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    10 Coolest Small Towns in America 2011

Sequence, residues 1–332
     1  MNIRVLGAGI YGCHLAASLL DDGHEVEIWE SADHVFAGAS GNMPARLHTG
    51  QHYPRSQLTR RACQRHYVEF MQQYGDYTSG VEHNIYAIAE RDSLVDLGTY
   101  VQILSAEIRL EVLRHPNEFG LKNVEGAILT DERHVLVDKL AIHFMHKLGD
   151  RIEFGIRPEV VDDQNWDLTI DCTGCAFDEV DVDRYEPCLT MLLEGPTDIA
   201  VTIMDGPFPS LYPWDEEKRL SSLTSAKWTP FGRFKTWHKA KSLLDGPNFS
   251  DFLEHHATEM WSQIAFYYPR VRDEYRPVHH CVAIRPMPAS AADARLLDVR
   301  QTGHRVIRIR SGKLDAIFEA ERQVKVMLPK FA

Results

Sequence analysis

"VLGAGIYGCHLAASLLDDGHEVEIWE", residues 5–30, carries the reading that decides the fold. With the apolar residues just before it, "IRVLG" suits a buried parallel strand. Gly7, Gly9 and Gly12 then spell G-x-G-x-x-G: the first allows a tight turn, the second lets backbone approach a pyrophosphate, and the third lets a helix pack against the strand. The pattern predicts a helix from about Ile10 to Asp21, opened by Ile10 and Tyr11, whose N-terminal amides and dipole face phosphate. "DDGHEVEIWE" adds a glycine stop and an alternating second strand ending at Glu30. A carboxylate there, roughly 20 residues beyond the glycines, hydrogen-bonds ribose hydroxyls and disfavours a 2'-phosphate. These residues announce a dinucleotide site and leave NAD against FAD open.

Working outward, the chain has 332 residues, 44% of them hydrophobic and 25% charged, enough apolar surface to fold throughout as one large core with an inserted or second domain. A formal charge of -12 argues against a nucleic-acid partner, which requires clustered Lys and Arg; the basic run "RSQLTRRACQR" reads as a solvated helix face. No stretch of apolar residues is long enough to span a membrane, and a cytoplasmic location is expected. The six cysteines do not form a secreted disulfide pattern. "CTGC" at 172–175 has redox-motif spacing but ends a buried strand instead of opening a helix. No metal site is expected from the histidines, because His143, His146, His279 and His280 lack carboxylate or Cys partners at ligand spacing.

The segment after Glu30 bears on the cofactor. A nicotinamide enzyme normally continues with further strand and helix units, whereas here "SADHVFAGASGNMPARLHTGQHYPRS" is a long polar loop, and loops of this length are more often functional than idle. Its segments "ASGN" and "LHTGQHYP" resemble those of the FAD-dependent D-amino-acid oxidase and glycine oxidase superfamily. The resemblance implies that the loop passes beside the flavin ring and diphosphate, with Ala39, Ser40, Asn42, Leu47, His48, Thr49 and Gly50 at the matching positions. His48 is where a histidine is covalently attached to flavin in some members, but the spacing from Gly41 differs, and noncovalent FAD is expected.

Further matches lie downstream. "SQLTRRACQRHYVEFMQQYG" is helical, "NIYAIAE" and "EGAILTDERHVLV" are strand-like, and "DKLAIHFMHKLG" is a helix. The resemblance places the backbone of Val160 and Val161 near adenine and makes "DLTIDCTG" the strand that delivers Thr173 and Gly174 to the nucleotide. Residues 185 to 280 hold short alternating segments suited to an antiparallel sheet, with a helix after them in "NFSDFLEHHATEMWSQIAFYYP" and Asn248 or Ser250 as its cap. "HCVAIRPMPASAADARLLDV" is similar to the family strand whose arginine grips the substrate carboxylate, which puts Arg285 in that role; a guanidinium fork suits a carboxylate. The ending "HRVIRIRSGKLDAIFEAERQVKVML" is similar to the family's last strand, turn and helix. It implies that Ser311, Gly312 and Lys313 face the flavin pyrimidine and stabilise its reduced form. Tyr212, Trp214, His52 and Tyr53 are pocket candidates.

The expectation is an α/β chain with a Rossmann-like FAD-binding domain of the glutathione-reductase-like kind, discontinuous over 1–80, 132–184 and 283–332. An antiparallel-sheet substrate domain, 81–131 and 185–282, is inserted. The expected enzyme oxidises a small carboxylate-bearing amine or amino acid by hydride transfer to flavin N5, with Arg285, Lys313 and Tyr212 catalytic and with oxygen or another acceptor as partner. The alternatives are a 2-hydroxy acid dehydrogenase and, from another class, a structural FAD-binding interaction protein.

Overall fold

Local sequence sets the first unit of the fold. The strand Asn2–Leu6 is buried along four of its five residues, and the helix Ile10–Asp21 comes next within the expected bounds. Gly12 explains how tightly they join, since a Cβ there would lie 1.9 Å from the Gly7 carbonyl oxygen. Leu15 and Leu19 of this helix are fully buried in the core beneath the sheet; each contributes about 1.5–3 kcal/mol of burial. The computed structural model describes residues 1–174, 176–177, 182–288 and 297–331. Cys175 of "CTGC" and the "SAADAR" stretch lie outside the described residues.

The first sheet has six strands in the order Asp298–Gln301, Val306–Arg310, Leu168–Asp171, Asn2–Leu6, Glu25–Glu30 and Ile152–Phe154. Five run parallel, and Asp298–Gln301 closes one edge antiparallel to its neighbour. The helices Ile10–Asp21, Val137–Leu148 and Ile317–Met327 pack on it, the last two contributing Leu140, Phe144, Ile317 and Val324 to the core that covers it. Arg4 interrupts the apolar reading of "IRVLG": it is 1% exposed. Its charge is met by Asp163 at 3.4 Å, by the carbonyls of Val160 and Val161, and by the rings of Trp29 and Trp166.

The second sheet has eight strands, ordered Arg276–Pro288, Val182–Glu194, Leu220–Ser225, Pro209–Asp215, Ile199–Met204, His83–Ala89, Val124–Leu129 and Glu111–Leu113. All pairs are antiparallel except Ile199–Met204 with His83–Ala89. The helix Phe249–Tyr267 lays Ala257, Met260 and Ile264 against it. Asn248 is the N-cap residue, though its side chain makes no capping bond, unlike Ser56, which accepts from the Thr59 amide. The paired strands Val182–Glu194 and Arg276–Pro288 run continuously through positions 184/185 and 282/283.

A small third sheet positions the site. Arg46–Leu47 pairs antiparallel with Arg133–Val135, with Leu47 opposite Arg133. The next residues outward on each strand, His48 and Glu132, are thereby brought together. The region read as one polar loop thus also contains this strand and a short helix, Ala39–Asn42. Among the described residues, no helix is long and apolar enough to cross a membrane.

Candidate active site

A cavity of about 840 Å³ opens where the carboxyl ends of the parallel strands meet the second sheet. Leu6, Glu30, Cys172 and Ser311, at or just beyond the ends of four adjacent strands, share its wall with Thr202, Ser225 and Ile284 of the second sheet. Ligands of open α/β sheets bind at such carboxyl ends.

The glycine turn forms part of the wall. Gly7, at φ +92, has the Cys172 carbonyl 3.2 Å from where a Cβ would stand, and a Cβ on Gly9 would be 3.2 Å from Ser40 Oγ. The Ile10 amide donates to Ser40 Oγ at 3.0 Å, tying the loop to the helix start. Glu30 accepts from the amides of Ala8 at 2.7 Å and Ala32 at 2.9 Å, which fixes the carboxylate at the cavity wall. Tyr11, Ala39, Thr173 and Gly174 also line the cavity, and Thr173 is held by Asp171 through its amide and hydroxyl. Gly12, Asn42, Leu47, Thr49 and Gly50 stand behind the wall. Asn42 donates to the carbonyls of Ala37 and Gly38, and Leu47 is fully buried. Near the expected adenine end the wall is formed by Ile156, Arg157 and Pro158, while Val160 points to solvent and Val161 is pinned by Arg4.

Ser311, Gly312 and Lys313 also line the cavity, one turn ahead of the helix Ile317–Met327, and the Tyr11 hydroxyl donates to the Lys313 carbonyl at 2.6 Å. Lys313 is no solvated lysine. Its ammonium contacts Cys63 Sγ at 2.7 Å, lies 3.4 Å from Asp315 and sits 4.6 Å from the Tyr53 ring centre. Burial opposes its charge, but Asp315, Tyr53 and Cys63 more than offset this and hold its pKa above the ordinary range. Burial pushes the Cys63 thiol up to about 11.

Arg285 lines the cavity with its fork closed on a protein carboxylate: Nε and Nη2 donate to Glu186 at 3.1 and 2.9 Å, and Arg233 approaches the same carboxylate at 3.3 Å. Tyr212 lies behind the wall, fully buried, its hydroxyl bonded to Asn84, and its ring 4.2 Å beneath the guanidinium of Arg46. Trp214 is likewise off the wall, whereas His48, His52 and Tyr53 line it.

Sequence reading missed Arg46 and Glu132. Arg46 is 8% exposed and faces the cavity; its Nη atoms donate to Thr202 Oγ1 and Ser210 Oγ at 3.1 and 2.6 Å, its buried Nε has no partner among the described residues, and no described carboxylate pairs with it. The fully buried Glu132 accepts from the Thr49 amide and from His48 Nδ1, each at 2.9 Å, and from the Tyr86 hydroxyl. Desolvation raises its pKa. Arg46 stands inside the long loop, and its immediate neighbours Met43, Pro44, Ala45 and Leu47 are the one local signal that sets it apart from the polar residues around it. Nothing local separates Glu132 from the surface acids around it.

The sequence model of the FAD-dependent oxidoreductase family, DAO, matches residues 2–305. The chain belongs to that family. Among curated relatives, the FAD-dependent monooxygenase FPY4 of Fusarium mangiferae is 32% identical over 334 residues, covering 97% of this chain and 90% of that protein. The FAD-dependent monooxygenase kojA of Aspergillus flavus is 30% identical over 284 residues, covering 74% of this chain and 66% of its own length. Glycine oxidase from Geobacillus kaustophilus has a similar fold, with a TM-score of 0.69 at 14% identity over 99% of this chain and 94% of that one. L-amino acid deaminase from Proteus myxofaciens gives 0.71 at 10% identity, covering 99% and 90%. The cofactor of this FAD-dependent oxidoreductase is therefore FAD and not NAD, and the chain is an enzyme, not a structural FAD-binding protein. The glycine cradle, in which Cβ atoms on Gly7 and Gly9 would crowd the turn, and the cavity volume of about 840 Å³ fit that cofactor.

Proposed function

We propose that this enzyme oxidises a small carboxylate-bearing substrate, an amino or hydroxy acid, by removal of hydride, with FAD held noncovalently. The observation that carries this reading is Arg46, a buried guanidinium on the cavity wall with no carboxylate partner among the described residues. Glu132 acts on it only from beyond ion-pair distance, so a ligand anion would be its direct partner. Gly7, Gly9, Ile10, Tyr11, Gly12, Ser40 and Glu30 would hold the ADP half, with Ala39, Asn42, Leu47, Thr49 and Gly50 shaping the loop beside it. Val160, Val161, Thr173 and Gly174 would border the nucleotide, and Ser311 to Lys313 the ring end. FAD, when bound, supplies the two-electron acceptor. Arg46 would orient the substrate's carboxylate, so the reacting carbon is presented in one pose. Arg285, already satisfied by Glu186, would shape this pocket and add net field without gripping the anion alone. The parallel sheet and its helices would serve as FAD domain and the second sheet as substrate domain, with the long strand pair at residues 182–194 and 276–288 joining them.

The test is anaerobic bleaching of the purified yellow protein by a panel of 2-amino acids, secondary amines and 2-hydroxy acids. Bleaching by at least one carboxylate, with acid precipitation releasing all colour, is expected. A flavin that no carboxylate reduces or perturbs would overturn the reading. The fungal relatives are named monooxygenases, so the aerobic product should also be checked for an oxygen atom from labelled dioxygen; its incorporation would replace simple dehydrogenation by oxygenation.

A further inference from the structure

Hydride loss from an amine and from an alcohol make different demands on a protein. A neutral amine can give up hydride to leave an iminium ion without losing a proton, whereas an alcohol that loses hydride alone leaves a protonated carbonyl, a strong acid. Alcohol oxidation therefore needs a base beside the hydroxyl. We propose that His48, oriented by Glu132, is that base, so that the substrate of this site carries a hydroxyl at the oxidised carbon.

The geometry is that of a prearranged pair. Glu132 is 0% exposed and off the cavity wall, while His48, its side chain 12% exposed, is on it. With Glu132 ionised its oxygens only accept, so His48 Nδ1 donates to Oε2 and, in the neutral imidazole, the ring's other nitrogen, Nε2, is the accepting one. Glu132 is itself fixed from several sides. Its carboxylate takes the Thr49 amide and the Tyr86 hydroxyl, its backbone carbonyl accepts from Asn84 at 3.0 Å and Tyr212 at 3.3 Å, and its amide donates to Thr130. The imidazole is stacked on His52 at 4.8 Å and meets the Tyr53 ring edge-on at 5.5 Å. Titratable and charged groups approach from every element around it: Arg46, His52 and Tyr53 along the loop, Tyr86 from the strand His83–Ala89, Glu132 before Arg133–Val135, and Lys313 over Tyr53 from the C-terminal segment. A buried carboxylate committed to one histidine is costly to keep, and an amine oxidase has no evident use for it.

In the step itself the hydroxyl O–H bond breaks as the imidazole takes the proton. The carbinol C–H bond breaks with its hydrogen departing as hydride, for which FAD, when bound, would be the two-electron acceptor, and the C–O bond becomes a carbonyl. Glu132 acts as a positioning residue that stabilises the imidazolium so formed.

Once in a while, you discover a town that has everything—great coffee, food with character, shop owners with purpose. Each year, the Budget Travel team celebrates these places with our "Coolest Small Towns in America" competition. It starts with a call to you—our readers—to nominate the most interesting towns you know with populations of less than 10,000. From there, our editorial team whittles the selections down to the three most promising contenders. It's then up to you to vote on your favorite. This year's winner was Lewisburg—an irresistible small town in West Virginia. Each of the nine runners up has something special to offer, from the quiet, artistic enclave at La Pointe, Wisconsin to the scenic beaches of Astoria, Oregon. In honor of the sixth anniversary of our "Coolest Towns" franchise, we've also compiled a slideshow of all of the contenders from previous years. You won't find a more charming slice of small town Americana than you will right here. 1. LEWISBURG, WEST VIRGINIA (POPULATION 3,830) Arts in AppalachiaA small town is usually lucky if there's a decent one-screen movie theater, maybe a community dance troupe. But a Carnegie Hall? This speck on the map in the Greenbrier River Valley lays claim to one of only four in the world (105 Church St., carnegiehallwv.com, ticket prices vary). The 1902 building now serves as Lewisburg's creative control tower, attracting an unlikely band of artistic characters, back-to-the-land types, and retirees. Jeanne and Michael Christie embody Lewisburg's blend. The duo run the Davenport House B&B, where guests can bottle-feed one of the property's baby lambs after taking coffee and breakfast on their private patio (Tibbiwell Lane, off of Davis Stuart Rd., thedavenporthouse.com, one-bedroom cottage from $120). Michael is a painter whose work has shown in New York City's Hoorn-Ashby gallery, and Jeanne is the former director of front-office operations at the Greenbrier hotel, 10 miles down the road. "You know, you always think of the ideal American town, where the kids are safe, the streets are clean. We have that, but we also have Wynton Marsalis coming through," says Jeanne, who'd just finished a morning of shearing sheep. While Michael is a seventh-generation West Virginian, many of their friends and neighbors are newer to the community, drawn in large part by the creative atmosphere anchored by Carnegie. For example, Hall Hitzig, who goes by the moniker the Crazy Baker, came in 1986 and "never looked back" (thecrazybaker.com). Now, he makes granola in the nearby mountains—and sells it everywhere from Puerto Rico to Arkansas. Hitzig's sticky toffee cake also wins raves at Lewisburg's sunny Stardust Café (102 E. Washington St., stardustcafewv.com, cake slice $8). At Stardust, co-run by Hitzig's twin sister, Destiny, and her daughter Sparrow, glasses are filled with "local spring water" (don't call it tap), and the greens are cultivated largely in local gardens. Lewisburg's arts scene is hardly limited to traditional performers like Marsalis; next door to Stardust, for instance, Tamera Pence identifies the potter of each espresso mug at her year-old emporium, Bella the Corner Gourmet (100 E. Washington St., bellathecornergourmet.com, mugs from $14). "We're very locally driven here," she explains. "And we're also a central hub. I have clients bringing their coolers in all the way from Charleston, more than two and a half hours away." -Nina Willdorf 2. ASTORIA, OREGON (POPULATION 9,477) Pioneers on the PacificAstoria has always been on the frontier, both the Lewis and Clark variety (they set up camp here in 1805) and the geographic (it sits both at the mouth of the Columbia River and in a teeming temperate rain forest). Sure, the place has prettied itself up nicely since those pioneer days with the addition of aging Victorians and craftsman-style bungalows, but the folks in sleepy coastal Astoria have never lost touch with their rough-and-tumble side. Take, for example, the surfers off of Astoria's scenic beaches, where ocean temperatures rarely break 60 degrees until midsummer. "You really have to suit up," says Mark Taylor, owner of Cold Water Surf (1001 Commercial St., coldwatersurf.com). "We're talking five-millimeter wet suits, gloves, and booties—but Astorians have always been a tough bunch!" Even the city's swankiest design hotel, the Commodore, embraces a decidedly masculine and nautical aesthetic (258 14th St., commodoreastoria.com, from $89). Reopened two years ago after being shuttered since 1966, the property pairs modern furnishings with sly nods to the city's history as a seaside cannery hub: thick braided ropes, nautical charts, and fishing floats. As afternoon rolls around, locals gather at the four-year-old Fort George Brewery + Public House for burgers made from local beef, as well as pints of the hoppy Vortex IPA, the Belgian-style Quick Wit ale, and as of this year, the 1811 Pre-Prohibition Lager, created in honor of Astoria's bicentennial (1483 Duane St., fortgeorgebrewery.com, pints from $4.25). You didn't really think these former pioneers would celebrate with champagne, did you? -Beth Collins 3. CLAYTON, NEW YORK (POPULATION 1,978) A River Runs to ItSome shore communities take their location for granted. Not so with Clayton. "I have lunch on the river every day," says Gregory Ingerson, a guide at the 320-ship Antique Boat Museum (750 Mary St., abm.org, admission $12). The curators are so proud of their nautical heritage that they use Q-tips to clean the exhibits, right down to the well-preserved heel marks in the floor of one turn-of-the-century houseboat. Clayton sits on a peninsula that juts out into the St. Lawrence River, so far north that the fire department's boat flies the American and Canadian flags. One of the benefits of that isolation is that the river itself is like a neighbor. In the summer, the old ferry terminal, where wealthy visitors once caught rides to their cottages on the Thousand Islands (birthplace of Thousand Island salad dressing), now hosts concerts. Out on the water, the family-run Ferguson Fishing Charters offers morning fishing trips followed by picnics on a private island, where a guide cooks the day's catch over a fire for lunch (fergusonfishingcharters.com, half-day charters for a group of four $325). Back on dry land, K's Motel & Cottages' two-night "ship watch special" includes a room, a two-and-a-half-hour boat cruise, admission to the Antique Boat Museum, and two meals (1075 State St., thousandislands.com/k, $159 per person). -Ray Pagliarulo 4. EUREKA SPRINGS, ARKANSAS (POPULATION 2,073) Honeymoons and MoreSure, you could sleep in one of the Queen Anne-style B&Bs, visit the monumental 67-foot-tall hilltop Christ of the Ozarks, catch a Branson-style show, or hunt for ghosts in the historic downtown. You could easily spend a week on the tourist circuit in this late-1800s Victorian spa retreat. But you'd never get to meet the real Eureka Springs. Eureka Springs may be the honeymoon capital of the Ozarks, but don't let the kitschy, heart-shaped Jacuzzis fool you. "The guy on the street corner playing fiddle?" says local artist Cathy Harris. "He is a trained concert violinist." "And those men at the bar just may be geniuses," adds Harris's husband, J.D., a sculptor with beaded gray dreadlocks. "We had a team win the international Mensa competition two years in a row." The current of creativity bubbles up just about everywhere, if you look hard enough. At the Eureka Thyme gallery, Marsha Havens skips the trinkets of other tourist traps in favor of works that draw on Ozark inspirations: wooden bowls made from found downed trees and clay bird whistles that warble like the real thing (19 Spring St., eurekathyme.com, wooden bowls from $50). You might even say that an artisan spirit is part of the recipe of Garden Bistro, where partners Lana Campbell and Robert Herrera draw from local ingredients for their Amish-style bread baked in flowerpots and unfussy plates of family-style veggies grown on her farm (119 N. Main St., 479/253-1281, pork chops $19). The biggest surprise of all may be the 1886 Crescent Hotel and Spa, a palatial ivy-covered grand hotel with claw-foot tubs and manicured gardens (75 Prospect Ave., crescent-hotel.com, doubles from $129). From this perch, you'll be inclined to look back to see Eureka Springs, but the leafy Ozarks keep the valley all but hidden from view—an apt vista for a town dubbed Tree City USA. -Nicholas DeRenzo 5. LA POINTE, WISCONSIN (POPULATION 309) A Superior HamletIt's called the Island Wave, and to the folks on Madeline Island—a quiet, North Woods enclave of artists on Lake Superior—it means you greet everyone, even when you're driving. It's a lovely idea, but in summer it can get, well, dangerous. That's when La Pointe, the island's only town, swells with visitors. "The line goes out the door for hours on July 4th," says Marie Noha, owner of the Mission Hill Coffee House (105-106 Lakeview Pl., on Middle Rd., 715/747-3100, coffee $1.45). And then there's the winter, when the only way off Manhattan-size Madeline is by wind sled or ice road. Then the Island Wave becomes a way to connect to the outside world. "I don't mind the loneliness," says Amitty Romundstad, manager of the Inn on Madeline Island (641 Main St., madisland.com, doubles from $95). The literary and opera societies meet in the off-season, and occasionally there's a gorgeous show put on courtesy of the northern lights, when hearty La Pointe locals gather on the ice road to be dazzled together. "We're not a community," says novelist and boat captain Richard Coleman. "We're a tribe." -Debra Weiner 6. PHOENICIA, NEW YORK (POPULATION 309) A Riverside RetreatThe library in Phoenicia burned down this spring, and suddenly there were books everywhere. Not casualties of the fire, but boxes and boxes of donations to replace what was lost. Residents now check out books (and fishing poles) at the temporary library branch housed in the old medical building on Ava Maria Drive. Phoenicia may look like a one-street river town sandwiched between hills in New York's Catskills—it does a wicked tubing business in the summer—but it's got a bookish, cosmopolitan vibe in its soul. "It's not just crazy guys with cars in their yards," says Michael Koegel of Mama's Boy, a hip little cafe and smoothie bar (7 Church St., mamasboymarket.com, mac 'n' cheese $4.95). Like Koegel, many Phoenicians came from Manhattan, and they've brought a healthy dose of quirk with them. For instance, former New Yorker Alan Fliegel, who owns A Community Store, sells locally made clothing and underground comic books—and runs a well-stocked communal art gallery upstairs (60 Main St., 845/688-5395, comic books from $1). Yet like its library that loans fishing poles, Phoenicia hasn't lost touch with its down-home roots. If you spend the night at the cozy Phoenicia Lodge, you may feel like you've woken up in Mayberry (5987 Rte. 28, phoenicialodge.com, doubles from $70). You certainly will after breakfast at Sweet Sue's Restaurant (49 Main St., 845/688-7852, mixed-berry pancakes from $5.25). The pancakes (pumpkin, pineapple-coconut, and 20-plus other varieties) are legendary, as are the lines waiting to get inside. -R.P. 7. NEWTOWN BOROUGH, PENNSYLVANIA (POPULATION 2,384) Amish Country CharmNewtown Borough isn't the kind of place where you'd expect to see millionaires tooling around in a fancy car. In fact, the rural Bucks County burg is close enough to Amish Country that most of the convertibles around these parts are horses-and-buggies. But when Rick Krotz and his brother-in-law Bill Kane hit an astounding sort of daily doubl—Krotz won $607,000 on the Cash 5 lottery in 2006, and Kane netted $3 million from a single scratch-off ticket in 2009—this is exactly the place they wanted to be. Both men grew up nearby and had always loved Newtown's well-worn charms. It's home to the nation's oldest movie theater, Newtown Theatre, a 375-seat, red-brick treasure that's been in operation since 1906 (120 N. State St., newtowntheatre.com, tickets $9). The Brick Hotel, built in 1764 and still looking sharp decked out in hunter green shutters and striped awnings, is one of the few places that can honestly claim that George Washington slept here (1 E. Washington Ave., brickhotel.com, doubles from $80). And director M. Night Shyamalan likes the look of Newtown so much, he filmed Signs here in 2002. So last year, the lottery brothers bought Ned's Cigar Store (4 S. State St., nedscigar.com, cigars from $3). It's now filled with mahogany chairs, cherrywood cabinets—and a steady stream of hopeful lotto-ticket buyers. "I guess they think our luck might rub off on them," Krotz says. "That would really be the dream come true—to sell someone else a big winner." -Andrea Minarcek 8. CEDAR KEY, FLORIDA (POPULATION 896) Unspoiled on the GulfIf someone asked you where to get the best New England clam chowder, you might be inclined to say, "Duh, New England." You'd be wrong—by over 1,000 miles. For the past three years, the Great Chowder Cook-Off in Newport, R.I., has been won by Tony's Seafood Restaurant of Cedar Key (597 2nd St., tonyschowder.com, cup $4.65). In fact, the town is America's second-largest producer of farmed clams, one of many surprises in this two-square-mile hamlet 130 miles north of Tampa. Despite its prime location on the Gulf of Mexico, Cedar Key has escaped the pull of developers-its spit of beach isn't long enough to attract large-scale building projects. Instead, it still feels like a ramshackle, old fishing village straight out of Hemingway. "People always say it's like Key West 30 years ago," says innkeeper Ada Lang. Built in 1919 and restored in 2004, Ada's Wabi Sabi Cottage is a time-capsule example of a "Cracker" cottage, a style of wood-frame house popular in the 19th century (689 4th St., 352/543-5696, from $130). The last time outside developers set their sights on Cedar Key was in the late 1880s, when pencil makers carted off the island's namesake cedars. (There's still a bit left in the worn wooden exteriors of tackle shops and clam shacks on Dock Street.) If you're looking to catch your own lunch, Kayak Cedar Keys offers boats specially equipped with rod holders and anchors, perfect for whiling away hours in search of redfish and trout (kayakcedarkeys.com, rentals $50 per day). Weary paddlers can rest up at Point Cottage, an octagonal stilt house overlooking Cedar Keys National Wildlife Refuge (12218 Franko Circle, pointcottage.com, $179 a night, sleeps six). And there's always dinner at Tony's. The menu is extensive, but don't you dare skip the chowder: The recipe has been entered into the Great Chowder Cook-Off Hall of Fame. -N.D. 9. RIPON, WISCONSIN (POPULATION 7,733) College Town PerfectionThey must have made odd neighbors: the Utopian Socialists on the prairie and the entrepreneurial abolitionists up on the hill. The socialists lived on a commune. The abolitionists later founded the Republican party. And yet, in the 1850s, they joined forces to found Ripon (the town) and then Ripon (the college). Town and gown have been intertwined ever since, proudly perched in the middle of the cornfields 85 miles northwest of Milwaukee. In some college towns, the locals and students get along like rivals at the Michigan-Ohio State football game. Not in Ripon. The professors sit on the local school board. The students sing in the church choirs, and church folk welcome the school's 1,000 or so students with a potluck every fall. Friday evenings in summer, across from the college president's office in the old public library, townies and academics alike turn out for concerts on the Village Green. "My favorite is Tuba Dan's polka band," says Professor Mary Avery, who oversees a student group that helps local businesses, such as the Watson Street Sub Shop, create financial plans (314 Watson St., watsonstreetsubs.com, subs from $6.75). Watson Street in turn lets the students use its storefront for fund-raisers. "We are the quintessential college town," says David Joyce, president of Ripon. "Or maybe it should be the quintessential town with a college?" -D.W. 10. GREENSBURG, KANSAS (POPULATION 777) The Real Emerald CityWhen you pull into Greensburg, you may well think you're not in Kansas anymore: Elegant wind turbines and LED streetlights have replaced cornfields and barns. After a 2007 tornado destroyed 95 percent of Greensburg, those who stayed vowed to build the ecofriendliest town ever. "Being green is such a part of our identity that people assume we changed our name after the storm," says Ruth Ann Wedel, site manager of GreenTown, the city's rebuilding campaign. (For the record, the "green" comes from stagecoach driver D.R. Green.) Like the name, the idea of going green dates back further than you'd expect. "These are not hippie-dippy concepts," says Stacy Barnes, director of the 5.4.7 Arts Center (204 W. Wisconsin Ave., 547artscenter.org, free). "These are the same tenets used in pioneer days—south-facing windows in chicken coops to increase sunlight, reusing everything like Mennonites do. We got lazy over the past century." The gallery, named for the day the storm hit, houses contemporary art from around the U.S. Many businesses here pay tribute to the past. Green Bean Coffee Co. serves milkshakes to fill the void left by the destruction of the old soda fountain (105 E. Kansas Ave., notyourmommascoffee.com, shakes $3.50). Nearby, you'll find innovations both high-tech (solar panels) and low (banisters made from tractor parts) at the Silo Eco-Home B&B (402 S. Sycamore St., 620/723-2790, doubles from $110). Just goes to show: It's not so hard being green after all. -N.D.